| Infantry Attacks
Tactical Combat in the Great War
World War One saw fighting in Africa, Asia and most of all in Europe. Infantry Attacks is our series of games based on these battles.
The game is very similar to our Panzer Grenadier series of World War II tactical games, so much so that the maps boards are numbered in the same sequence and can be used with either set of game rules.
Units represent infantry companies, cavalry squadrons, artillery batteries and machine gun platoons. Infantry companies rely almost exclusively on rifles for their firepower, and so will usually have to engage in assault combat — close-range fighting — to obtain their objectives. Players can also declare that they are pressing the attack with "cold steel" — attempting to engage the enemy in hand-to-hand combat, which can result in horrendous casualties as they try to close the range.
Cavalry can charge, but even rifle-armed infantry can do enormous damage to the horsemen if they hold their ground. To negate that, cavalry can dismount and fight on foot, though of course they lose their speed and their charging capability.
Artillery is the god of war, but is not a
flexible asset. Nobody can "call in" an artillery barrage
on a battlefield with no radio communications, so players must assign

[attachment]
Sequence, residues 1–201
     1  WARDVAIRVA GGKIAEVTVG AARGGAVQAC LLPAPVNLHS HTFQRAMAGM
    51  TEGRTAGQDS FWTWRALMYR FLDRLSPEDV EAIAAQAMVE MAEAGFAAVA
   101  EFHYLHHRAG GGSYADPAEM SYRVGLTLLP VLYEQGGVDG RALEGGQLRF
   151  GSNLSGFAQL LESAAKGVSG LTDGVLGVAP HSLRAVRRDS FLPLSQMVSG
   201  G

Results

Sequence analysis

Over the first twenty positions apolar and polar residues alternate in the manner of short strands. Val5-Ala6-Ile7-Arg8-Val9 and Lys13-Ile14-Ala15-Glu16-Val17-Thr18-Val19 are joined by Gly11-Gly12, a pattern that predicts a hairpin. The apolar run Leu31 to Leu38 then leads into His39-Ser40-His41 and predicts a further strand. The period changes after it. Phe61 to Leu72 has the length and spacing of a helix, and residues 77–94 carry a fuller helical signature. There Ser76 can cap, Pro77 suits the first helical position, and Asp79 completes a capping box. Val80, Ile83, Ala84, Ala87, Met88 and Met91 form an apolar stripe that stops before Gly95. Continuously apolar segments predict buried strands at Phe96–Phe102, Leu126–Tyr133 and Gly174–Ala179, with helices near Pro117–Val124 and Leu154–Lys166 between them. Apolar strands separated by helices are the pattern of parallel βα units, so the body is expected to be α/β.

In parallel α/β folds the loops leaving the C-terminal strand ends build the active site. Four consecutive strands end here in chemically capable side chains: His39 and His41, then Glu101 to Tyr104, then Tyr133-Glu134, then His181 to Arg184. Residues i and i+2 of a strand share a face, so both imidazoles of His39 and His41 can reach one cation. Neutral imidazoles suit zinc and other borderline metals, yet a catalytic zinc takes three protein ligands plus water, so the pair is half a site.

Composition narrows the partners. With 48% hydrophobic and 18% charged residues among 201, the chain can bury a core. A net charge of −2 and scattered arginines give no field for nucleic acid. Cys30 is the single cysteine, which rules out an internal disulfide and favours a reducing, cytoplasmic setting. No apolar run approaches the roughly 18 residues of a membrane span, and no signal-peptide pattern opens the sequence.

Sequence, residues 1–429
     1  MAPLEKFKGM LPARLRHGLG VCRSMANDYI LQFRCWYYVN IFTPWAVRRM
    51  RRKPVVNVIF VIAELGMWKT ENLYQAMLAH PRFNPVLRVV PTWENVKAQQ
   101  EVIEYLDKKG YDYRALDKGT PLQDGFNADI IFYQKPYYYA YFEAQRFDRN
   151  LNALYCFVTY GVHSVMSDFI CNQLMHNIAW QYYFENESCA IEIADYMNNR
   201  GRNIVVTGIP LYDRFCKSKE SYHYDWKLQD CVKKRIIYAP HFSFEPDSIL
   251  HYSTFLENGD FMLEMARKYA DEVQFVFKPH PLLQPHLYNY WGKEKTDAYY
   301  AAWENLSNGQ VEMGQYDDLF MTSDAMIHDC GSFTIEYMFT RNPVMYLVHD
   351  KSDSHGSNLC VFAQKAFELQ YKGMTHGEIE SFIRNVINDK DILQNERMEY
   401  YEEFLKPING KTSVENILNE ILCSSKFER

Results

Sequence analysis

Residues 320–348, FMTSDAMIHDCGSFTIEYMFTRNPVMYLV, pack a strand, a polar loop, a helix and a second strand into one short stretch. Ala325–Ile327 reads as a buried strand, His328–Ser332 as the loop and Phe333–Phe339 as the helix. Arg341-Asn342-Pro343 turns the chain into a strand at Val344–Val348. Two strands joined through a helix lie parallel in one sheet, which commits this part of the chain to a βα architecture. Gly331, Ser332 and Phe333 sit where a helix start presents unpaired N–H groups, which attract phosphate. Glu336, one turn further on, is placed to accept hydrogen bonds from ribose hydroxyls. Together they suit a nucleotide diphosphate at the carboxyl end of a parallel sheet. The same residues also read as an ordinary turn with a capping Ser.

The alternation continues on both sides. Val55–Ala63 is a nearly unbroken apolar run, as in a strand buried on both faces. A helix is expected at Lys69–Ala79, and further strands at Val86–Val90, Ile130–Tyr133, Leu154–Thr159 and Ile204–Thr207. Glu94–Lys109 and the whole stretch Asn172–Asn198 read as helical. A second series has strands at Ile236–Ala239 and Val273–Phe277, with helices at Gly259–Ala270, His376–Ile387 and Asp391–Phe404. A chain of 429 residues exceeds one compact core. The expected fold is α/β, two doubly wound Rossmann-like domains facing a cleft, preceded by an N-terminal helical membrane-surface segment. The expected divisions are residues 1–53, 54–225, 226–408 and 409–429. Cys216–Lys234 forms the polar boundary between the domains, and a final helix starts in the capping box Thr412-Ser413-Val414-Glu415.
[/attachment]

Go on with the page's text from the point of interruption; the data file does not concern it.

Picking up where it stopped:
missions to their artillery before play begins. Artillery with Open
Sights missions can fire on enemies they can spot themselves, while those
with Move missions can move from their starting locations to pre-selected
destination hexes and then switch to Open Sights missions.
Those with Planned Fire missions can hit any hexes within range desired
(not just those they can spot), but all their fire must be preplotted for
the entire game before play begins. Artillery with Planned Fire
missions can also interdict enemy movements by placing Drumfire markers in
hexes they fire at for at least two turns in a row. Enemy units that
enter a hex with a Drumfire marker come under immediate attack by the
artillery that placed the marker there, so if placed on a road or along
another likely avenue of approach, Drumfire markers can stop an enemy
The sequence of play is highly interactive, with the player holding the better initiative having an advantage. Leaders are necessary to move troops toward the enemy, or to rally them when they become disrupted.
One Infantry Attacks game, August 1914, has been released, and another is in production, but we plan to publish many more plus book supplements and downloads just as we have for its sister series, Panzer Grenadier. As with Panzer Grenadier, each boxed game stands alone: You don't need rules or parts from any other game to enjoy every scenario in the box.
Developer's Overview: Developer Doug McNair looks at the new Infantry Attacks system rules, derived from our popular Panzer Grenadier series but very different in the way they play.
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